Boss fights in SONIC MANIA are also something worthy of note, and were honestly my favorite part of the experience. While some of the bosses did feel a bit on-the-nose in their patterns, or too smart for their own good, the most noticeable aspect of the boss of each stage was how unique their inspirations were. They matched the game’s theme of throwing in everything but the kitchen sink, and mutating it until it became something both nostalgic and ingenious. While not insanely difficult, experimentation and toying with the playstyles of your three different characters is definitely encouraged while tackling these portions of the game. And while some of the bosses limit themselves to one screen like in the originals, there are plenty of different flavors of boss fight to keep the experience feeling fresh, including fast-paced boss escapes, Mega Man-esque duels, and (my personal favorite), one that involves recreating DR. ROBOTNIK’S MEAN BEAN MACHINE.
As you may know, PUYO PUYO often results in death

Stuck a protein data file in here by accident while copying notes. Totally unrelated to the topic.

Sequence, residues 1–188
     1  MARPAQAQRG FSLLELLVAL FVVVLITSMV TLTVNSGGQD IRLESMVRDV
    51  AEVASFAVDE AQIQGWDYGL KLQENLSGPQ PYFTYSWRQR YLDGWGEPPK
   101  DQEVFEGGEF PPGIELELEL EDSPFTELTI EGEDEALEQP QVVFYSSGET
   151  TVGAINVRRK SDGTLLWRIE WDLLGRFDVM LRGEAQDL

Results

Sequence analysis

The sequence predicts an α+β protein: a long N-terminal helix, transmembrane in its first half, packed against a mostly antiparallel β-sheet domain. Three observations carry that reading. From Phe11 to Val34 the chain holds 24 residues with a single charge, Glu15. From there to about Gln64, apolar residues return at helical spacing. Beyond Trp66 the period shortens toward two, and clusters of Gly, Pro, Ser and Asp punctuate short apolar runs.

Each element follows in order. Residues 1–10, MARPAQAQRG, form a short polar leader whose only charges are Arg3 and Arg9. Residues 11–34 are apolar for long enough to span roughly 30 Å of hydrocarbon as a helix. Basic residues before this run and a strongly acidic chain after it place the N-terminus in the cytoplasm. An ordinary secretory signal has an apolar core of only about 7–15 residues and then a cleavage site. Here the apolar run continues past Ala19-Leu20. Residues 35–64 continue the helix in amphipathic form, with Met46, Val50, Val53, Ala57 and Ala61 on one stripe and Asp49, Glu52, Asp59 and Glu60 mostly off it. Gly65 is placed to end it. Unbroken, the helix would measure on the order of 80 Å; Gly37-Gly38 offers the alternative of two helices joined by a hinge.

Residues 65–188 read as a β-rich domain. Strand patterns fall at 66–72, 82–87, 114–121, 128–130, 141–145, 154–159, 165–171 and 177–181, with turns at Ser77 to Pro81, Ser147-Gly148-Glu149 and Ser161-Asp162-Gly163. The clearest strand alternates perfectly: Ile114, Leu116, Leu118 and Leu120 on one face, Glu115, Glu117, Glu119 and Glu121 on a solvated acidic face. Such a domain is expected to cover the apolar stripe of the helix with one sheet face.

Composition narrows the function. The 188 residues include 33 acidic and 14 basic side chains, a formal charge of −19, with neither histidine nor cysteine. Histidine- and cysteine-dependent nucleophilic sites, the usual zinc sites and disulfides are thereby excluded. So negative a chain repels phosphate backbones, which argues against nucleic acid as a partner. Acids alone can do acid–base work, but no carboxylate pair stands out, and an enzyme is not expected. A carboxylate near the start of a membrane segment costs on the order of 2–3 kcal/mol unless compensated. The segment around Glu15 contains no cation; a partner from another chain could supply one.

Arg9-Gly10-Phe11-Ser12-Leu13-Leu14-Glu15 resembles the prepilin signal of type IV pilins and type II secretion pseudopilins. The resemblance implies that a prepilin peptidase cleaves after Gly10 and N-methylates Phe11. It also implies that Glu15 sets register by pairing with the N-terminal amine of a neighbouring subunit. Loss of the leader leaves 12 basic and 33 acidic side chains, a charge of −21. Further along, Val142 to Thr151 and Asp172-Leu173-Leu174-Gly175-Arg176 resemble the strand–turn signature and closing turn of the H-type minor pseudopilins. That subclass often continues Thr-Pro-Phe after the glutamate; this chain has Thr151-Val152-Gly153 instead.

Probably the most telling thing about the whole game though is that none of the bosses, stages, what have you, feel overly gimmicky or blasé. Even if that seems odd to mention, it’s a pitfall that Sonic seemingly finds himself falling into quite often. And the fact that a Sonic game, a sanctified fan-game, is able to succeed without feeling tired or reliant on its namesake for perceived “quality,” able to stand on its own while at the same time giving its fans the kind of experience they’ve been craving for years, is something truly endearing. Who knew that all it took to make a good Sonic game was to keep things simple and just improve on what worked, rather than have the poor hedgehog reinvent the wheel for the billionth time.
That’s probably one of the biggest praises I can give SONIC MANIA, all things considered. Given a passing glance at Sonic’s track record the past decade, the game had every possibility to be a cloying grasp at nostalgia and a gimmicky hot mess, like being a knight, or werehog, or whatever. But instead of doing that, SONIC MANIA chose to keep things simple, a figurative and literal return to roots that does so much with so little, and succeeds because of it. Hell, I didn’t even grow up with Sonic and didn’t play the originals until, like, maybe four years ago (unfortunately having my first impression be with the aforementioned werehog), and I can say this is the best experience I’ve had with the franchise. Whether you are a returning fan or a greenhorn, SONIC MANIA delivers a ride that Sega hasn’t been able to give for a long time. Considering you got a hankerin’ for the retro stuff, you won’t do better than this.
Reviewed on the PlayStation 4